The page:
Defining delivery of the ‘Step-by-Step’ intervention for schools: a co-production project

Introduction to this Emerging Minds funded project by the Lead Researcher, Dr Lucy Biddle, University of Bristol:

Approximately 150 school children die by suicide in England and Wales annually. The suicide of a young person has long-term effects on the mental health of peers, teachers and parents, requiring effective postvention support.

Step-by-Step (SBS) is the only UK school postvention service and is provided by Samaritans, the UK suicide prevention charity. SBS aims to enable schools to recover from a suicide/ suicide attempt and to reduce likelihood of further suicides.

This project led by University of Bristol in collaboration with Samaritans aims to identify the best way to measure and define delivery of the SBS intervention. This will include focus groups with Samaritans staff and postvention advisors (PVAs) to understand how SBS is delivered at ground-level, from which processes for data capture will be developed and piloted. This will be followed by telephone interviews with one teacher from 10 schools receiving SBS to better understand their experiences of receiving the service.

At the end of the project, an accurate means of capturing data about the SBS intervention will have been identified, enabling Samaritans to better address the needs of schools, and informing a future large-scale evaluation of SBS.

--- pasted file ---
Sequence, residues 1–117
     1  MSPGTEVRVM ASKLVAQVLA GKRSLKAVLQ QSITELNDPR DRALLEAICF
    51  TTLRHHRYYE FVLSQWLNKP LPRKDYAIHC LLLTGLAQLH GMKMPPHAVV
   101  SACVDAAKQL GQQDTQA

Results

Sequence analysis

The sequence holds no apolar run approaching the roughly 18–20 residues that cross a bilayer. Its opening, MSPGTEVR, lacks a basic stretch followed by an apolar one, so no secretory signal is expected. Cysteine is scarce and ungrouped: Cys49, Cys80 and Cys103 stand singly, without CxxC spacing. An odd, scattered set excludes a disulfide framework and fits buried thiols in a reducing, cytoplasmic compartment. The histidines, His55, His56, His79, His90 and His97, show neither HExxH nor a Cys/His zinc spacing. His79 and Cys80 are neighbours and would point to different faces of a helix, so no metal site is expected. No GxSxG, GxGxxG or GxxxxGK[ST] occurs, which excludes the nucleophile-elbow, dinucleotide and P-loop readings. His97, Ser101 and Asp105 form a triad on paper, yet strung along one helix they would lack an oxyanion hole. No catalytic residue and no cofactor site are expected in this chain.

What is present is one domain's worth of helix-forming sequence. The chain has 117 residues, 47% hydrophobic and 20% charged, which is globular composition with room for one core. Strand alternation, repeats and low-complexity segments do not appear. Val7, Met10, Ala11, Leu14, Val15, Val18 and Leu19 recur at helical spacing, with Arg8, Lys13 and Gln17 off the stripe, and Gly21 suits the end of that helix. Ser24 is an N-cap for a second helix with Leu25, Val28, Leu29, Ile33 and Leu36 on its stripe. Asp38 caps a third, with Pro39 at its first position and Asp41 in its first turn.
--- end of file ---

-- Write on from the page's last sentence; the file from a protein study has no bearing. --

Key messages

Following the conclusion of the project, Dr Lucy Biddle shared the key messages from the research.

SBS is underpinned by core values. Postvention advisors (PVAs) consider the extent to which these are realised as key to determining whether a good intervention has been delivered.  PVAs resisted categorising schools according to intensity of intervention because core values were considered difficult to quantify, and an intervention tailored to the needs of the school was regarded as more important than intensity or delivery of specific components.  

Core values included: empowering school staff to take control; being available when needed; partnership working; providing intervention as early as possible; tailoring response to specific needs of the setting.  

Contextual factors relating to school culture and approach to mental health shape the extent to which PVAs feel able to deliver SBS successfully. A key challenge is initiating contact at a time when schools are overwhelmed. Challenge also exists around when to end contact to prevent schools becoming too reliant, while allowing re-engagement if needed (e.g. at anniversaries). The service is described as open-ended, meaning there is no clear endpoint.  

Findings from our small sample of schools indicate SBS is well-received and valued as a source of support which increases confidence of the school leadership team to manage the incident.  

The importance placed on early contact highlights a need to raise the profile of SBS among schools, local authority education departments, the police and relevant third-party agencies, and to consider offering pre-crisis planning.  

Feasibility work is needed to consider the best timing and methods for recruiting schools to participate in a future evaluation study. 

Further reading

Information about the project has also been included on the NIHR Applied Research Collaboration (ARC) West website research pages.